Livestock Science | Year: 2010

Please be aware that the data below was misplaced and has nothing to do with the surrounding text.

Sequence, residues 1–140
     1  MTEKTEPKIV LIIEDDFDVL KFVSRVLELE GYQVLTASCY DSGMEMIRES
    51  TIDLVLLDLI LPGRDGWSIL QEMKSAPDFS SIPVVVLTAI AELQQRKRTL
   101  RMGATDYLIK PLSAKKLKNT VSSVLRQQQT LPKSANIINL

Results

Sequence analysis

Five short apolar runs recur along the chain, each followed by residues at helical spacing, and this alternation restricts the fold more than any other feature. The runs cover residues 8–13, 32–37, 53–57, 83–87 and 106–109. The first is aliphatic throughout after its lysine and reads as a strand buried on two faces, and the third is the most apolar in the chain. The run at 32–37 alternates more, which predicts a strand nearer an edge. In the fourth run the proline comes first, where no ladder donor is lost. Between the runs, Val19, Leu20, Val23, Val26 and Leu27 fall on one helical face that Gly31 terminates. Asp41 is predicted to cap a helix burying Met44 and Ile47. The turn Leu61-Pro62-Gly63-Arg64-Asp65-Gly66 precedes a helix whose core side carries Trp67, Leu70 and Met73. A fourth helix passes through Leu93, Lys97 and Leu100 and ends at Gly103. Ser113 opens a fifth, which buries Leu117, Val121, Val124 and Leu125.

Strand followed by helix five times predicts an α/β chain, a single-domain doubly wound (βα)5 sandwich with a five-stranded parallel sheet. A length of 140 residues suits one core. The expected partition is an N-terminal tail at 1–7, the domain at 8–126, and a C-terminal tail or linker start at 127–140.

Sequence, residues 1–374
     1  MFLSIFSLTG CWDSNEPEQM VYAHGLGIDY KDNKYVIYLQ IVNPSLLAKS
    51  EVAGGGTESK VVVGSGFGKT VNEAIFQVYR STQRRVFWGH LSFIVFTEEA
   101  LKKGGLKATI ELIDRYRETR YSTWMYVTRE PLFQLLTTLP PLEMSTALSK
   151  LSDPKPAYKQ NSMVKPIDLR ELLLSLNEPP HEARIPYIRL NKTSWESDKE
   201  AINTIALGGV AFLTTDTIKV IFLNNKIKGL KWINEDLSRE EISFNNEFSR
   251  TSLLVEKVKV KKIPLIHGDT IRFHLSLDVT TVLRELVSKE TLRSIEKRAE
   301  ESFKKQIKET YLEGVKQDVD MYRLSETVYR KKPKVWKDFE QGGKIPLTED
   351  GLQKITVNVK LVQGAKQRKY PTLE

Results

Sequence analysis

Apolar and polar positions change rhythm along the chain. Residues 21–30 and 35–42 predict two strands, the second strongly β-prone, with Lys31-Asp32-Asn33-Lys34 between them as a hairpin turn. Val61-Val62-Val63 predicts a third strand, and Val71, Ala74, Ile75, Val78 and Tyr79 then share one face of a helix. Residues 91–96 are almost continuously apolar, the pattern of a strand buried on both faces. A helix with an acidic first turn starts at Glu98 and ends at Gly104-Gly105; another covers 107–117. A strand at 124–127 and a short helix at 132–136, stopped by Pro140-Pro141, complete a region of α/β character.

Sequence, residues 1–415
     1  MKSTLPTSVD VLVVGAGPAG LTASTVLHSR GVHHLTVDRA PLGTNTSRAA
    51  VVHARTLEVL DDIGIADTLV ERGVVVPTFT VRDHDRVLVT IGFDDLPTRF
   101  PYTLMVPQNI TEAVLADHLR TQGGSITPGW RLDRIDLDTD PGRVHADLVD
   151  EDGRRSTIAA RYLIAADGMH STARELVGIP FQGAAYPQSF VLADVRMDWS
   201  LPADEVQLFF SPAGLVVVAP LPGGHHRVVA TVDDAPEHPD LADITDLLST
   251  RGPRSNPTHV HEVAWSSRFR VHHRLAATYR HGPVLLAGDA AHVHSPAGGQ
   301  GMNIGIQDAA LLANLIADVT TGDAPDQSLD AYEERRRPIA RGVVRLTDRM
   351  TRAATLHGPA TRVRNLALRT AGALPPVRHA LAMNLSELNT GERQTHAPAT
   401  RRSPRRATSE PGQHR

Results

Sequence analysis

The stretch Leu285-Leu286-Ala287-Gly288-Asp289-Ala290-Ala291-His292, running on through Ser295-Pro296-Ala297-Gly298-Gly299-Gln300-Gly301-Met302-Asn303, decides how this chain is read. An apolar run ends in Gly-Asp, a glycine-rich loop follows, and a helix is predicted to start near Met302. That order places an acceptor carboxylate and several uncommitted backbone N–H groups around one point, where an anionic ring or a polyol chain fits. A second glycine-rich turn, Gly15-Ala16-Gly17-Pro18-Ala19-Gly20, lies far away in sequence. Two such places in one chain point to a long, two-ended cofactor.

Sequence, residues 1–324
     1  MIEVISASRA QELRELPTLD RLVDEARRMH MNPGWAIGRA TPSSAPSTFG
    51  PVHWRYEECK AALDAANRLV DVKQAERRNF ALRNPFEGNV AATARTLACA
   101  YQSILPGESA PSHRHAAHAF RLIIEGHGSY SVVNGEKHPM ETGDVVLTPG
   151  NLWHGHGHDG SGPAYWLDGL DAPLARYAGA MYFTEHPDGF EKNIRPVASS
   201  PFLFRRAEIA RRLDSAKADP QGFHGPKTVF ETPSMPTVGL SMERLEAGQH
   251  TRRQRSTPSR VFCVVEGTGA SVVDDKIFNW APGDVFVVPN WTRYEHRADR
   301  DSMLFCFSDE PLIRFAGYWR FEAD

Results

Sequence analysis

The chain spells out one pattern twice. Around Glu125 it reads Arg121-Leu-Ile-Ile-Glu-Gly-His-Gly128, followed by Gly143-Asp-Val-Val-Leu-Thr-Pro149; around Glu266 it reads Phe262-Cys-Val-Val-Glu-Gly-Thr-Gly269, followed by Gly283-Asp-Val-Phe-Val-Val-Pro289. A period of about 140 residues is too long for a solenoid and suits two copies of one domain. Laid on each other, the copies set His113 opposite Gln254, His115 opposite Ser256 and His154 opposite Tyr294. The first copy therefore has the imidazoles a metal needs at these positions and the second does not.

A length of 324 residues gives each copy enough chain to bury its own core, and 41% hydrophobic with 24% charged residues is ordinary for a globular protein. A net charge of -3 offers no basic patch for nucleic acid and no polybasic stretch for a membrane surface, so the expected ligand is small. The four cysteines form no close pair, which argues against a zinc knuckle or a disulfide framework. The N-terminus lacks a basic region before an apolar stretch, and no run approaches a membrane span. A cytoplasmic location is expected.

The interactive effects of dietary protein level, zinc oxide (ZnO) supplementation and experimental infection with enterotoxigenic E. coli (ETEC) on the incidence of post-weaning diarrhoea (PWD) and indices of protein fermentation were examined. Ninety-six, individually housed 21-day-old pigs were used in a split plot experiment, with the whole plot being challenge or no challenge with ETEC and the dietary treatments used as subplots and arranged in a completely randomised 2×2 factorial design, with the factors being (i) 2 dietary protein levels [251g/kg (high) vs. 192g/kg (low) crude protein] and (ii) addition or no addition of 2500ppm ZnO. Between days 1 and 14 after weaning, ETEC infection increased faecal consistency (FC; looser faeces) but only in pigs fed the high protein diet (P<0.05) or without ZnO (P<0.1). Pigs fed a high protein diet without ZnO showed more loose faeces (higher FC) compared to pigs fed either a high protein diet with ZnO supplementation or pigs fed lower protein diets without and with ZnO supplementation (P<0.05). Feeding either a low protein diet or ZnO decreased (P<0.05) PWD. Feeding a low protein diet decreased (P<0.001) plasma urea nitrogen (PUN) and faecal NH3-N contents. There were no 2- or 3-way interactions (P>0.05) between the independent variables for PWD, PUN and faecal NH3-N. The results indicate that feeding a low protein diet supplemented with amino acids or adding ZnO to either low or high protein diets could be used as dietary strategies to reduce PWD in piglets. © 2010 Elsevier B.V.